We finally come to the Hero of the Christmas storyóJesus!
The Father God did not push His Son into the world. Rather the Son Himself volunteered to come down from Heaven. Perhaps in a dateless past, God the Father presented the dire need of the world in the Heavenly court saying, "Whom shall I send, and who will go for Us?" What we read in Hebrews 10:5,7 is probably the Sonís response. "When He came into the world, He said: Behold, I have come... to do Your will, O God!" The Sonís initial act of obedience gave us a Christmas and it culminated at Calvary. Apostle Paul combined both the incarnation and crucifixion, and wrote, "Coming in the likeness of men and being found in appearance as a man, He humbled Himself and became obedient to the point of death, even the death of the cross" (Phil 2:7,8). Obedience from the Cradle to the Cross! A life lived out 100% to please God!
Jesus is the "Word become flesh" (Jn 1:14). The spoken and written Word of God became incarnate in Jesus. Besides incarnation, all that had been written in the "volume of the book" got fulfilled in the life of Jesus because He lived in obedience to fulfil every minute detail of the Law (Heb 10:7; Acts 24:27; Mt 5:17,18).
We earlier referred to the rich knowledge Mary had had in the Old Testament. How much of Scriptural teaching and training the Boy Jesus must have received in the carpenterís home at Nazareth is for anyone to guess. He thrilled the teachers at the Jerusalem temple with his understanding of the Scriptures. He asked His parents whether they had not known that He must be about His Fatherís business. But He did not allow His wisdom and knowledge to puff Him up and make Him unaccountable to His earthly parents. In obedience to the fifth of the Ten Commandments which was "the first commandment with promise," He was "obedient" to Mary and Joseph (Lk 2:47-51; Eph 6:1,2).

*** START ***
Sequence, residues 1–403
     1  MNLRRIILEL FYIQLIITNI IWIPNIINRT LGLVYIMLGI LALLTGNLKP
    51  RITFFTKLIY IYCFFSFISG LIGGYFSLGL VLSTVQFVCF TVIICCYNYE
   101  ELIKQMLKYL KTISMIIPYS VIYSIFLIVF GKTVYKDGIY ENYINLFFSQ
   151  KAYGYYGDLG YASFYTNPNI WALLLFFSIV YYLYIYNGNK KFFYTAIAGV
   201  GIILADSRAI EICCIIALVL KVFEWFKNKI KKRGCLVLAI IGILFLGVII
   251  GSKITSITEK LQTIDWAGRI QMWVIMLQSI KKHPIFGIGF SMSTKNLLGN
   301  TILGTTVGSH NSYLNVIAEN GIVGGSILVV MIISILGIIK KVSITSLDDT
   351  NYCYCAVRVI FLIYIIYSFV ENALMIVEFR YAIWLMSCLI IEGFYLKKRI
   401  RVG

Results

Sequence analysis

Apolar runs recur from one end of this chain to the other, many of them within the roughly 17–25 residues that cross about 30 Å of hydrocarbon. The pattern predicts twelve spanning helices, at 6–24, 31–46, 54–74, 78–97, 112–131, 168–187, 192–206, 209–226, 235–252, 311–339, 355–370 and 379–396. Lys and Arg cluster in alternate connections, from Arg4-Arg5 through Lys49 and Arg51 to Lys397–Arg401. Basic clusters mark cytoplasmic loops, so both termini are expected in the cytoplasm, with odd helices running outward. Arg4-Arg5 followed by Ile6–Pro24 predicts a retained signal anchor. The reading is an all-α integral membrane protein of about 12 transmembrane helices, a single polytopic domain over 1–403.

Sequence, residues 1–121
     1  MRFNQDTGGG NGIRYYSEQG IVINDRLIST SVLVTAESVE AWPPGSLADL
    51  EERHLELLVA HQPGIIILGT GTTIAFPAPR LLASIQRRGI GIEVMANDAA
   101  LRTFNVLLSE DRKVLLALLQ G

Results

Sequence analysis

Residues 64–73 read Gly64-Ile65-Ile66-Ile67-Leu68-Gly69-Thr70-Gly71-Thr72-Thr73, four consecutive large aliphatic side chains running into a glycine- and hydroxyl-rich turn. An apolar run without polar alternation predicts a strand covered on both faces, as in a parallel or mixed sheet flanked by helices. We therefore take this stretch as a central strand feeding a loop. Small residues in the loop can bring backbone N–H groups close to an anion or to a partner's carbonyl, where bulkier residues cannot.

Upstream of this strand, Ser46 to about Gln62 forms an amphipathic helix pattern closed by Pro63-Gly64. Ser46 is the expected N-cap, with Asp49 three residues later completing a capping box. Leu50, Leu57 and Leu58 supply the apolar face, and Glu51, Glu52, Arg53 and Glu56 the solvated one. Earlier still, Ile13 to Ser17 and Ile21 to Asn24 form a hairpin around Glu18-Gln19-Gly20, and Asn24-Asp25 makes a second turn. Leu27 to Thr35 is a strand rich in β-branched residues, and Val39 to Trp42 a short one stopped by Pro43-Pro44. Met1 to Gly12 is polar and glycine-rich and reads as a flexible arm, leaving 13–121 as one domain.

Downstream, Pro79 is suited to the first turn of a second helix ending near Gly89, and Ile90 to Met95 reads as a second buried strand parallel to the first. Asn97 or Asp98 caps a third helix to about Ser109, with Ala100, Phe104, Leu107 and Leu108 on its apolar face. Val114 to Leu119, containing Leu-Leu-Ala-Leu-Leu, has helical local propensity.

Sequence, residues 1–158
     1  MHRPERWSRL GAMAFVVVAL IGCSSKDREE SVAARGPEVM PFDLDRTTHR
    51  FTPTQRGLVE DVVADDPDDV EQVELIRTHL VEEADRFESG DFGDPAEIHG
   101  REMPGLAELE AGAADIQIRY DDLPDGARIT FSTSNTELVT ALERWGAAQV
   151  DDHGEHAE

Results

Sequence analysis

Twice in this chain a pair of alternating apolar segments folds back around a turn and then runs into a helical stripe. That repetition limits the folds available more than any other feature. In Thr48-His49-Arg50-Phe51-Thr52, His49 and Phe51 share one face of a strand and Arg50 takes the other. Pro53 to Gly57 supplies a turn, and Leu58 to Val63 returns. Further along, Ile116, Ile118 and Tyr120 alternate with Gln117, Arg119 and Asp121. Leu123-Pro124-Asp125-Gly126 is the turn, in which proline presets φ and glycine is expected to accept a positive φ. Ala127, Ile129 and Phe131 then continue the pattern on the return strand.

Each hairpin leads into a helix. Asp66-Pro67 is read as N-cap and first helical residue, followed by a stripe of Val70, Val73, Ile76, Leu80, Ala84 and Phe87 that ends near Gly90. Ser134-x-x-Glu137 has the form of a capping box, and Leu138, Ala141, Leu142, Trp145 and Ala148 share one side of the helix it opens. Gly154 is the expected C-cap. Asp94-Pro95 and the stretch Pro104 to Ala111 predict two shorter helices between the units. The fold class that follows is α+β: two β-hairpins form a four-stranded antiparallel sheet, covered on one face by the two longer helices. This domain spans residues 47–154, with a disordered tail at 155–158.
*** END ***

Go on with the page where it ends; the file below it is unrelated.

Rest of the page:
The gospel records are silent about the eighteen years of Jesus from His twelfth year. But that He walked in obedience before God is obvious from what His Father testified at Jordon when He turned thirty. "This is My beloved Son, in whom I am well pleased" (Mt 3:17). This must be our aim in life: To walk in obedience before God to please Him in everything.
By being obedient, Jesus became...
"Salvation" for "all peoples" (Lk 2:30,31),
"Light" to bring revelation to the "Gentiles" (v 32),
"Dayspring" for "those who sit in darkness" (1:78,79), and
"Joy" to "all people" (2:10,17).
Because of His simple obedience and that of the other characters studied here we have a Christmas.
Blessed are the obedient; for they shall be a blessing!